St. Joseph and the Holy Act of Discernment

Discerning good from evil, right from wrong, the essential from the useless, has not been an easy task for many people. The need for “wide-ranging” discernment affects every human being, committed to seeking motivation, to making choices not only in view of immediate well-being, but also to give meaning to one’s existence. Discerning is accepting that you do not understand everything. It’s knowing that there are times when you need to shut up and listen.

St. Joseph

On this fourth (4th) Sunday of Advent, we have the story of St. Joseph and his holy dilemma. I have always tried to imagine what might have transpired in Joseph’s heart when he received from Mary, his betrothed, the news of her pregnancy and (maybe) how it happened. I admit it’s just my interpretation (it’s not written in the gospel that Mary told him), but I reasonably believe that she told him about it. How must Joseph have felt in the face of this news?

Joseph is a man who is getting married; he is about to fulfill his dream of love by starting a family. In fact, faced with what has incomprehensibly happened, he is unable to immediately believe Mary’s version. But he also can’t bring himself to have feelings of hatred towards her, as to immediately expose her to public ridicule and consequently to death (by stoning). What fiancé would not, at least initially, have such feelings? Imagine the scenario: As your wedding approaches, your bride informs you that she is carrying a child that is not yours. What a betrayal! Right? And you still manage to hold your cool and give it a long thought. Difficult.

Lesson in Humanity

In a world that is constantly on the hunt for the latest (breaking) news that could accuse, mock, or tarnish the dignity of the person (even one who may have made a serious mistake), Joseph’s decision sounds like a lesson more in humanity than love. Today, the increased possibilities of human communication through modern technologies are certainly to be hailed as an important resource, but they should serve the humanity of our relationships, not their dehumanization or destruction. In this thinking of Joseph, we see the progress of a man who does not enjoy the disqualification or other evil that befalls others; a man who does not let himself be overcome by “gut” reactions, but rather maturely weighs a decision using his head and his heart.

In the liquidity of thoughts and behaviors of today’s existence, may the Lord give us new men like Joseph! Because certainly there is great novelty in what he alone proposes: in him lives a man who loves and protects life. Even when he starts to detach himself from Mary, he thinks of her as a true lover as she is, and thus, the only solution for everyone to get out of it the right way is to let Mary live.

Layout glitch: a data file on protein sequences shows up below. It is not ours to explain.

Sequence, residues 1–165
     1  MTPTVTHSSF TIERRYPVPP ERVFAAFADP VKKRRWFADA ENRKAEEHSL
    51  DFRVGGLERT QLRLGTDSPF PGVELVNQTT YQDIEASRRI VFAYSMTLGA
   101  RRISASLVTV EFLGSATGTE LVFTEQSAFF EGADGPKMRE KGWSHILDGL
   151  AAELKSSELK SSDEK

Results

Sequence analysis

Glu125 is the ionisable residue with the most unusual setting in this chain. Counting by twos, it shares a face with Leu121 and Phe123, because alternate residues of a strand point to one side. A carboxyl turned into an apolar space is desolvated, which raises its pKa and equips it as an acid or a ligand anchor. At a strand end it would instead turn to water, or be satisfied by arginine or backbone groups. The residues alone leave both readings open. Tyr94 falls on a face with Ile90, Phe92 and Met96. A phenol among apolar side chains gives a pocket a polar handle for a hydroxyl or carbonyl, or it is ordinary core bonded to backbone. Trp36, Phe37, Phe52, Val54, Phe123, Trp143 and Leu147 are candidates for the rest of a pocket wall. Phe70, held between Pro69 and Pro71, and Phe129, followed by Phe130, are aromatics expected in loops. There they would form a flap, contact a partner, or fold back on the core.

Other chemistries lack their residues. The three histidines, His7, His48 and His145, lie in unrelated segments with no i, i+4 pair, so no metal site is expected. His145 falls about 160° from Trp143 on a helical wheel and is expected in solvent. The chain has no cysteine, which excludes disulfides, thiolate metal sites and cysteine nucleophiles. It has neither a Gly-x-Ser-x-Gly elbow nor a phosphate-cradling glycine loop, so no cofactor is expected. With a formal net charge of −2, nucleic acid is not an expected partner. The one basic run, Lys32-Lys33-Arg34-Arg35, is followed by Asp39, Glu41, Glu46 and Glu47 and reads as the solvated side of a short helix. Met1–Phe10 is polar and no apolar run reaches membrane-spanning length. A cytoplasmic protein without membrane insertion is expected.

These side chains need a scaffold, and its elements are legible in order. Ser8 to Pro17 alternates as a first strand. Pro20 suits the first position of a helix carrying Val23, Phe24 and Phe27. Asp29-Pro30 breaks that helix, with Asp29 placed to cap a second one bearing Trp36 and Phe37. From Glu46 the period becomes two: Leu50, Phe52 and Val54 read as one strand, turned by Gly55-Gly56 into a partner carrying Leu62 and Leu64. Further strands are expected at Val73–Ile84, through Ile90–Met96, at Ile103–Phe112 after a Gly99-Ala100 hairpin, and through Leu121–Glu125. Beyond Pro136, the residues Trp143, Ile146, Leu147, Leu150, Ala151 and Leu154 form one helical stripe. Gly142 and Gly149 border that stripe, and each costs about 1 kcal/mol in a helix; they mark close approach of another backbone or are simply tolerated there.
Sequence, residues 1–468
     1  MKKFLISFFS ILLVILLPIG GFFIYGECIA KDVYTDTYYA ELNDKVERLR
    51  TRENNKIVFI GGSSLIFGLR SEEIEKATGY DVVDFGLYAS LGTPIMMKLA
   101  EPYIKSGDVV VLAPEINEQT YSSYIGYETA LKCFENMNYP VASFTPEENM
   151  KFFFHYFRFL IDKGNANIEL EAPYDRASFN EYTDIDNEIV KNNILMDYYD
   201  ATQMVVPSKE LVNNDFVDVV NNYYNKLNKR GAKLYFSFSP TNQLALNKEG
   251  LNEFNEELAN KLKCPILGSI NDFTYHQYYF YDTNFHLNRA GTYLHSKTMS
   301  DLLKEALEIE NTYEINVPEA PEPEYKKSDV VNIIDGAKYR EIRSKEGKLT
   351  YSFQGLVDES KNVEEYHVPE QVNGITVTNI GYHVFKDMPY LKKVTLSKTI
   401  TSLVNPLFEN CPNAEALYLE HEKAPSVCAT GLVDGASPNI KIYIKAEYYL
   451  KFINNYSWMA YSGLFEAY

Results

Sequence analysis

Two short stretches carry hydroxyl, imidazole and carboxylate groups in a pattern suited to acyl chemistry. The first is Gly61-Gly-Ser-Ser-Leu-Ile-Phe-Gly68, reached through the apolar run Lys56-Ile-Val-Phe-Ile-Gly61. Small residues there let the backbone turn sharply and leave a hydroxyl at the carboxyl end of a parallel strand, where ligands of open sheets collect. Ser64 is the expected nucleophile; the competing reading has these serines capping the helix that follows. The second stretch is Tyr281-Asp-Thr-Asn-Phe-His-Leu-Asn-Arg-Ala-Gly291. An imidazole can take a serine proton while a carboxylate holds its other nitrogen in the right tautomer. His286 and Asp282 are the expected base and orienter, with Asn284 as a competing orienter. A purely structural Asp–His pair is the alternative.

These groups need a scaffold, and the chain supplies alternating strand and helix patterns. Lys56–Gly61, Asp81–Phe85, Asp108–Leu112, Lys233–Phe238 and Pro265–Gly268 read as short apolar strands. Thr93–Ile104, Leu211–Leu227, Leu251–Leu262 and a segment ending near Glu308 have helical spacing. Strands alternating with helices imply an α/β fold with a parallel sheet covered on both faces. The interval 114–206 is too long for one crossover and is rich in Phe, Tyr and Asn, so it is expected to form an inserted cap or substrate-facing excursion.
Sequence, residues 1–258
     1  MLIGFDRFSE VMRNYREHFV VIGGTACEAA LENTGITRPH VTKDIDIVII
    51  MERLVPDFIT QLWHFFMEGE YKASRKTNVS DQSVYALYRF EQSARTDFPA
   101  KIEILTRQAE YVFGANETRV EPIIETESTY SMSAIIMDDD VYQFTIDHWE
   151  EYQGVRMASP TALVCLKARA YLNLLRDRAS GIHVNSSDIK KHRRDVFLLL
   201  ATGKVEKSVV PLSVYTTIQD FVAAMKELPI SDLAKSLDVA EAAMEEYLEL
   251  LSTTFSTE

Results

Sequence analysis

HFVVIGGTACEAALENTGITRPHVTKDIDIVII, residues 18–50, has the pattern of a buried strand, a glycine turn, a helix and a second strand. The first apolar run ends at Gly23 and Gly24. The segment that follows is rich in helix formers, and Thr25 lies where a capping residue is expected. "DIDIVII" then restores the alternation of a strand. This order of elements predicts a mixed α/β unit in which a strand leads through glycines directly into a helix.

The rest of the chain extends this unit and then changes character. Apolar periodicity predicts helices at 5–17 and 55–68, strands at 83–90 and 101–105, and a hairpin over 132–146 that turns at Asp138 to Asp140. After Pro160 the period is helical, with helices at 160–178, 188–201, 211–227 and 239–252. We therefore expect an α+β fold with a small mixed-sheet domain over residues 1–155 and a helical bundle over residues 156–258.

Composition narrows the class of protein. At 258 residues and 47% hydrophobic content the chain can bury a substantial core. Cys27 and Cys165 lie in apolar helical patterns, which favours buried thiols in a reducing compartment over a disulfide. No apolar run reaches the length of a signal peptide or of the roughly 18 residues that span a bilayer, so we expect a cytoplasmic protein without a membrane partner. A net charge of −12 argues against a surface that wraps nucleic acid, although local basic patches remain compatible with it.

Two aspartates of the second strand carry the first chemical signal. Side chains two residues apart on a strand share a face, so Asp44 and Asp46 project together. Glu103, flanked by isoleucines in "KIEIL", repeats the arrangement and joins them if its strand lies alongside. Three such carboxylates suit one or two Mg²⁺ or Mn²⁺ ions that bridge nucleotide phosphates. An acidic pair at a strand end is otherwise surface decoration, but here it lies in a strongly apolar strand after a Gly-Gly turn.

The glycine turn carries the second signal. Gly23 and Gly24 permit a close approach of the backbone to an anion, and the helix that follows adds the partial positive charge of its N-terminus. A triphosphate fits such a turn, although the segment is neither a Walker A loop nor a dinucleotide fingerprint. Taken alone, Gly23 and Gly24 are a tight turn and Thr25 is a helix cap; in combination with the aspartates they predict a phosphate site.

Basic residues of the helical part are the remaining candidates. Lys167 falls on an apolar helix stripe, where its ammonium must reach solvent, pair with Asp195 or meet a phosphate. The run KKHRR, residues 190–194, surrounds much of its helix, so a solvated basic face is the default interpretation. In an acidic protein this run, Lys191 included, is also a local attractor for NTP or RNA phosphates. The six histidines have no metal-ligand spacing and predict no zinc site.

A Complex Reality

Reality is complex and sometimes even incomprehensible. We realize this especially when we are faced with the need to make decisions and we realize that we may not have all the facts. Things are often not entirely clear. Sometimes it’s even difficult to understand where God is, because what appears to be good isn’t always good.


On this journey of discernment, Joseph does not feel alone, because God has revealed himself to him as Emmanuel, God who walks with us. Ascending to Heaven, Jesus reminds his disciples of that promise: I am with you always, to the close of the age (Mt 28:20). Therefore, we too are never alone in our decisions: even in the dark we are always in this great embrace of God, who never leaves us.

Readings: Is 7:10-14; Rom 1:1-7; Mt 1:18-24]

Fr. John Bosco Obiako

Fr. JohnBosco Obiako is a priest of the Catholic Diocese of Orlu, Nigeria. He is a doctoral student of Philosophy at the Pontifical Gregorian University, Rome - Italy, with a special interest in Philosophy and Ethics of technology. He also provides spiritual and pastoral services as Chaplain to African Anglophone Catholic Community in the Diocese of Prato, Italy. Email contact: [email protected]


  1. Nancy J Coffey on December 18, 2022 at 9:04 am

    Thank you for your inspirational post.

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